The camps had an extraordinary geographical breadth as well. The Gulag’s most famous camps were in Siberia and the far North, where prisoners worked in mines and cut timber. But the Gulag also ran camps in central Moscow, where prisoners built apartment blocks or designed airplanes; camps in Krasnoyarsk where prisoners ran nuclear power plants; fishing camps on the Pacific coast. The Gulag photo albums in the Russian State Archive conatin pictures of prisoners with their camels, prisoners in the desert, prisoners hoeing vegetables or shucking corn. From Aktyubinsk to Yakutsk, there is hardly a single major population center in the former Soviet Union that did not have its own local camp or camps, and nor a single industry that did not employ prisoners. Hence the central purpose of this anthology: To provide the interested reader with a sampling of the wide range of experiences possible in the gulag, from transport ships to informers, from pregnancy to forestry…”
At the end of the Second World War, the Soviet Union unexpectedly found itself in control of a huge swathe of territory in Eastern Europe. Stalin and his secret police set out to convert a dozen radically different countries to a completely new political and moral system: communism. Iron Curtain describes how the Communist regimes of Eastern Europe were created and what daily life was like once they were complete. The book describes how political parties, the church, the media, young people’s organizations – the institutions of civil society on every level – were eviscerated, how the secret police services were organized, how ethnic cleansing was carried out – and how some people were forced to collaborate while others managed to resist.
IRON CURTAIN_INTRODUCTION – PDF-Document
Advance Praise for IRON CURTAIN:
“So much effort is spent trying to understand democratization these days, and so little is spent trying to understand the opposite processes. Anne Applebaum corrects that imbalance, explaining how and why societies succumb to totalitarian rule. Iron Curtain is a deeply researched and eloquent description of events which took place not long ago and in places not far away – events which contain many lessons for the present.”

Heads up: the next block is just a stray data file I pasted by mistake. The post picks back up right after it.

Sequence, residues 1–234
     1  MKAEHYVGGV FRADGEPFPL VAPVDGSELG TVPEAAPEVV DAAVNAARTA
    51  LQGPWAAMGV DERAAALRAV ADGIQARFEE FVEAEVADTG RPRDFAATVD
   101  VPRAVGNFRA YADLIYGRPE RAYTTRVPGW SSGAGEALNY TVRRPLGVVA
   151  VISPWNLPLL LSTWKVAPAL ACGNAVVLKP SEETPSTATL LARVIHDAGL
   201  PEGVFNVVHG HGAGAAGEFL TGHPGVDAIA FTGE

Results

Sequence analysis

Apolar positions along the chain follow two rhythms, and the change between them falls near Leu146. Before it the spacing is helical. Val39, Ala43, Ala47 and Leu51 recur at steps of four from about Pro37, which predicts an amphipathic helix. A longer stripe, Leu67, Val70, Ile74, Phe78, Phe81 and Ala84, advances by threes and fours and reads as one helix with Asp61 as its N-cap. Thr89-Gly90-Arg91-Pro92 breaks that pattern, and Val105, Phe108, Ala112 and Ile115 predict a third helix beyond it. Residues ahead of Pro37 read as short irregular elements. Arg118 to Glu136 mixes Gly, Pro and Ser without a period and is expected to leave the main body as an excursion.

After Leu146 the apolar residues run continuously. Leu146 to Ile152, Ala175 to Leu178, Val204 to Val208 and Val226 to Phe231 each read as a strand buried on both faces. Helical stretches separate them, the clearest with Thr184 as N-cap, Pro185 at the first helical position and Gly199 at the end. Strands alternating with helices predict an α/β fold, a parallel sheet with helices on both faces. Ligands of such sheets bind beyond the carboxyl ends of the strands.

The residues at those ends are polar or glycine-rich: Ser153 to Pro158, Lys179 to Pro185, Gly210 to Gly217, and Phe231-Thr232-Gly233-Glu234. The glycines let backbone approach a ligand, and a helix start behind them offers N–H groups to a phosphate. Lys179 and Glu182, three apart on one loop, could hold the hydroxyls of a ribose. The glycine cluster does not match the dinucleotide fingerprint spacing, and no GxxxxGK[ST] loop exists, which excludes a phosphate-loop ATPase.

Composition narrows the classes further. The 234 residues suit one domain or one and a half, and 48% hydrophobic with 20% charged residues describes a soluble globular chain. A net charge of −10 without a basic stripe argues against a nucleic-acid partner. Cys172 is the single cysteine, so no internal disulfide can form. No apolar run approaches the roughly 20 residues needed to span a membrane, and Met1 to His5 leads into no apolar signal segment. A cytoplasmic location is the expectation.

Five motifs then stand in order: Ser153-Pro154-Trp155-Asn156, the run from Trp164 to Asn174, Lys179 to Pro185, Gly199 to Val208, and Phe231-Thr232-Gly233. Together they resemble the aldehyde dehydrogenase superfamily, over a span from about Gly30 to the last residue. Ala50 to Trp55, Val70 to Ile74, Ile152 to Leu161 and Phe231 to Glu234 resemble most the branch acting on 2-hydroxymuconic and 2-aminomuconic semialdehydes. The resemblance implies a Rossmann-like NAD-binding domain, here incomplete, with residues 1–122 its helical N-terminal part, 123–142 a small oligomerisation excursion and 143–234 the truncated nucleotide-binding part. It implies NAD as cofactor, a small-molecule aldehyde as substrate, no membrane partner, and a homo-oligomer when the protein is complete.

– Fareed Zakaria, author of The Post-American World
“Iron Curtain is an exceptionally important book which effectively challenges many of the myths of the origins of the Cold War. It is wise, perceptive, remarkably objective and brilliantly researched.”
– Antony Beevor, author of Stalingrad and The Second World War
“This dramatic book gives us, for the first time, the testimony of dozens of men and women who found themselves in the middle of one of the most traumatic periods of European history. Anne Applebaum conveys the impact of politics and ideology on individual lives with extraordinary immediacy.”
– Amanda Foreman, author of Georgiana: Duchess of Devonshire
“Anne Applebaum’s highly readable book is distinguished by its ability to describe and evoke the personal, human experience of Sovietisation in vivid detail, based on extensive original research and interviews with those who remember.”
– Timothy Garton Ash, author of The Magic Lantern: The Revolution of ’89 Witnessed in Warsaw, Budapest, Berlin, and Prague
With more than 150 splendid photographs, and more than 90 recipes for classic and contemporary Polish food, this unique cookbook brings an ignored cuisine to light. Anne Applebaum has lived in Poland since before the fall of communism, and this cookbook—nourished by her engagement with the culture and food of her adopted country—offers a tantalizing look into the turbulent history of this beautiful region. She and her co-author, Danielle Crittenden, celebrate long-distance friendships with a love of food at the core, bringing the cuisine of Anne’s Polish country home into kitchens the world over.
Published in 1995, Between East and West: Across the Borderlands of Europe is an account of a journey from the Baltic to the Black Sea, across Lithuania, Belarus and Ukraine, made in 1991, just as the Soviet Union was about to break apart. Its main subject is the shifting national identities of the region’s inhabitants – the effects of a century’s worth of shifting borders.